There has been much debate in recent years over how well inclusion in schools is working, or if it is working at all. Arguments against inclusion are mounting but while it has room for improvement, the concept of inclusive schooling should not be abandoned. There are many benefits to placing SEND children in mainstream education that need to be acknowledged and with a balanced approach to inclusive practice in schools, inclusion need not be an “illusion”.

Addressing the myths

Tes reported earlier this year on the ‘myth of inclusion’ in which inclusion in schools was described as being “pockmarked with separation, segregation and unintentional outcomes”. The report pointed to Rob Webster’s study at the UCL Institute of Education which questioned the extent to which mainstream schools fulfil the aims of ‘inclusive’ education. Their main criticisms of inclusion in schools were that SEND students in mainstream schools were getting less interaction with the teacher than non-SEND students, less peer interaction and too much TA contact. However, the problem with analysing the features of an inclusive school in this way is that it ignores the benefits of inclusion and misses the point of what ‘inclusion’ means realistically.

Inclusion in schools does not mean dropping a child with SEND in a school and expecting them to swim; it means guiding them through a mainstream school, while allowing them the extra support they need- a hand beneath them should they start to sink. Inclusion is about including a child in the mainstream while still enjoying some of the benefits of alternative provision outside of the mainstream. This is not ‘segregation’, but managed support. This often means that, as Webster’s study found, SEND children may get less interaction time overall with the teacher, because they have extra support outside of the classroom, including 1:1 support, speech and language therapy, counselling, etc. The teacher interaction that they miss out on does not in fact equate to a loss in their education, or provide evidence that inclusive education has failed. This is where a lot of the debate around inclusion is misinformed: just because a child may receive less classroom teaching than their non-SEND peers does not mean they are not benefitting from the system and nor does it mean that inclusion is therefore not working.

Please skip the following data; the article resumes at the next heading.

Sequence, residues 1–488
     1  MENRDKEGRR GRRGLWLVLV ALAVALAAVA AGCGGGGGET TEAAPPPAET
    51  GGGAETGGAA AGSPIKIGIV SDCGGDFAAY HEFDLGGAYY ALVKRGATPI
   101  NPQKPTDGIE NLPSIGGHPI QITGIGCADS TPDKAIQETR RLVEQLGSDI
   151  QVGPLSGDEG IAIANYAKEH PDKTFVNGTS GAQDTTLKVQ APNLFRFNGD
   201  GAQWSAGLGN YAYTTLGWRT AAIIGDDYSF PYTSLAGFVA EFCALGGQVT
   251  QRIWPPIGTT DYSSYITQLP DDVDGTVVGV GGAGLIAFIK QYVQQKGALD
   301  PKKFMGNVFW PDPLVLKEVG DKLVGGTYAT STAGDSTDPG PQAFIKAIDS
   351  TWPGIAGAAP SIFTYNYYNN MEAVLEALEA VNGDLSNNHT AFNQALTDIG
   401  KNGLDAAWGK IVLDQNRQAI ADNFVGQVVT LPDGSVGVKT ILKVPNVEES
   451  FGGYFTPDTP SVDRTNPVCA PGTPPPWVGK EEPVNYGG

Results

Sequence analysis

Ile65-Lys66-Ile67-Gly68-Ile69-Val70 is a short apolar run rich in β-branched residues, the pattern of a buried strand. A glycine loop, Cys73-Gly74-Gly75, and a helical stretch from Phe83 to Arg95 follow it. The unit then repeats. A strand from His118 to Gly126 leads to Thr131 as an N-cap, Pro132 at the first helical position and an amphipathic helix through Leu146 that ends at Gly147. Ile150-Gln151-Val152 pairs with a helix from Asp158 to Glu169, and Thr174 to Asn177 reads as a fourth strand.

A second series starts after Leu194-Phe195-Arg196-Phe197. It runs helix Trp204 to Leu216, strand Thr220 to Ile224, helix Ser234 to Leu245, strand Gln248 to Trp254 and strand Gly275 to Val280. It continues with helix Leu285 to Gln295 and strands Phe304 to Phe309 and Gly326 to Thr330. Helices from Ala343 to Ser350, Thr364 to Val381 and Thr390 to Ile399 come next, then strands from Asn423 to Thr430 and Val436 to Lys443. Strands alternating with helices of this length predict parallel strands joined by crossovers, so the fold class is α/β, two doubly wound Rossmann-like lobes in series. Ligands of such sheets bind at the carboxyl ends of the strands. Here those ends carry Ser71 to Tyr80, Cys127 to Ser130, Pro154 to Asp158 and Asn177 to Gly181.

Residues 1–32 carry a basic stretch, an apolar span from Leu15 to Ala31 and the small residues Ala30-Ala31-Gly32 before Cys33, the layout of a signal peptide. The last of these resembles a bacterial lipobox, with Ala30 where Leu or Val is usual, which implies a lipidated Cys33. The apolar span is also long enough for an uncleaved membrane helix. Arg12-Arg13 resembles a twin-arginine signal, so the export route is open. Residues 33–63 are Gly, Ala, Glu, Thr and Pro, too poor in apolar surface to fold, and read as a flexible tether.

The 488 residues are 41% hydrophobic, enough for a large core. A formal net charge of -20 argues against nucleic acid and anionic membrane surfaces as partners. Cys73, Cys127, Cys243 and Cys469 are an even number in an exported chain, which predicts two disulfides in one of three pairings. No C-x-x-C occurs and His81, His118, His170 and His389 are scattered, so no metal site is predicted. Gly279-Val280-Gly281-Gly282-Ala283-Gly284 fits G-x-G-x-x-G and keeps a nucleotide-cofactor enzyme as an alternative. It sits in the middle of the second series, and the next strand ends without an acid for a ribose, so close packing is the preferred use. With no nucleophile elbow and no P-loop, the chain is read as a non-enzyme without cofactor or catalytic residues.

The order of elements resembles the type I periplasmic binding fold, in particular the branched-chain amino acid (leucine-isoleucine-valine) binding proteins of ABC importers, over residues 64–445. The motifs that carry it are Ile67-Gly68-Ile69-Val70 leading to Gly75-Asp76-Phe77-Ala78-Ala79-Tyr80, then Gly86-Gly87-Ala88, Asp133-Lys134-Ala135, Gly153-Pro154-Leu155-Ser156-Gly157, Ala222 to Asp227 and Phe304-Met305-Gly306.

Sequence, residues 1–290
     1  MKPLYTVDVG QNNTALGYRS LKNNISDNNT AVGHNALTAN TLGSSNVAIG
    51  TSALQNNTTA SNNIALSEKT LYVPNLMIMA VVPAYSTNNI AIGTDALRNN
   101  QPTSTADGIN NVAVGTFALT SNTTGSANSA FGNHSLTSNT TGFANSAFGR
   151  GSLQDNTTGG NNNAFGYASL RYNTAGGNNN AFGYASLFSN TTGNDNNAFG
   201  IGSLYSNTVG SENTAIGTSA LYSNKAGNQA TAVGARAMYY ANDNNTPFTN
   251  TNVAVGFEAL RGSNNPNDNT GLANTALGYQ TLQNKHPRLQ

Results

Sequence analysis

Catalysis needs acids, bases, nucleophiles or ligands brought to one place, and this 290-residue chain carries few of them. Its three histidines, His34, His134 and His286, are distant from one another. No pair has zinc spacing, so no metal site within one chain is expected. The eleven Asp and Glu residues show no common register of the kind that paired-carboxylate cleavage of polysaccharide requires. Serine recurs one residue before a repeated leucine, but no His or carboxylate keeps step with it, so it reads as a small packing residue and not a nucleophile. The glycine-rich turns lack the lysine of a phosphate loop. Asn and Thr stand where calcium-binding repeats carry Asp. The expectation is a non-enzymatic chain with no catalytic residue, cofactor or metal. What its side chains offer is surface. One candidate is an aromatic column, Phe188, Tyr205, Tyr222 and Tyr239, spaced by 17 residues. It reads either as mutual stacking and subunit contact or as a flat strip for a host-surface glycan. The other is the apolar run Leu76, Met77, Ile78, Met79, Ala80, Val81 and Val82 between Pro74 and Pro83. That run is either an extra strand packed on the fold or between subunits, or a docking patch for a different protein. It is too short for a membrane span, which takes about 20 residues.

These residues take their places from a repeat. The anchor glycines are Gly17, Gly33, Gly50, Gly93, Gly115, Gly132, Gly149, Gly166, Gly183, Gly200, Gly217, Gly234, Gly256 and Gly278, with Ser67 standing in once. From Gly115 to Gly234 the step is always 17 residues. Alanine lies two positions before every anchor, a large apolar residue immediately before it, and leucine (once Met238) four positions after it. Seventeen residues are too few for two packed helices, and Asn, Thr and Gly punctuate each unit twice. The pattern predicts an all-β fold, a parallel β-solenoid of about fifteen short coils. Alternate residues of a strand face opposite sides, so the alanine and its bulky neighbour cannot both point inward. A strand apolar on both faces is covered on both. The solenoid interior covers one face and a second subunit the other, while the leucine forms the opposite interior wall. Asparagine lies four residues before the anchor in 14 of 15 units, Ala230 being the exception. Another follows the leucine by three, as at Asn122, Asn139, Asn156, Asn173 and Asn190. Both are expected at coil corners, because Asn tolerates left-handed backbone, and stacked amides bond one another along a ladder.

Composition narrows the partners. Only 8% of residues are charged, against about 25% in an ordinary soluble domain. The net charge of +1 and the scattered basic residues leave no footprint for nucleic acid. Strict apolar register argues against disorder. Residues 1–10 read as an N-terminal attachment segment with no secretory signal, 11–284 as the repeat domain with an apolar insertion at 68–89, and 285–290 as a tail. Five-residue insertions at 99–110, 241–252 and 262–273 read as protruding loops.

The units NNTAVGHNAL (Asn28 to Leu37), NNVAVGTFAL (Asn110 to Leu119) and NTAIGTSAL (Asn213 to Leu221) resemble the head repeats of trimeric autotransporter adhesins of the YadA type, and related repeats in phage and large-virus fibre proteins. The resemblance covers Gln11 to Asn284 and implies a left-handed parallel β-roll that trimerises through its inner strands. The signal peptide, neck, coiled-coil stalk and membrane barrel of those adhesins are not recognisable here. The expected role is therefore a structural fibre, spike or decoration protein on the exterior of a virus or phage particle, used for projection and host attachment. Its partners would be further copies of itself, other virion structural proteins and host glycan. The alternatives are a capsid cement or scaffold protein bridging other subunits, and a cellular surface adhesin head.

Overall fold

What about specialist support?

Another article in the past from Tes on the ‘inclusion illusion’ recounts the experiences of a teacher who found that special school was better suited to her son with Down’s Syndrome than mainstream school. She explained that mainstream teachers were not trained to deal with the “profound needs” of her son’s Down’s Syndrome. But this does not mean that inclusion is therefore, as Tes named it, an “illusion” and not realistic in mainstream schooling. In this case, many mainstream schools may struggle to provide the specialist support needed for a child with profound needs, in which case a special school may be more appropriate. However, it would be unfair to deduce from this case that inclusion has therefore failed. Inclusion is not a one-size-fits-all formula, it has to be tweaked and adjusted according to the individual child’s needs and wishes and it may not always be the right option for every child with SEND. It is a case of firstly asking ‘could a mainstream school provide the support this child needs?’ And if so, ‘how much support do they need and in what areas?’ It is a question of individual needs and differences; each child is different so don’t expect the solution to be the same.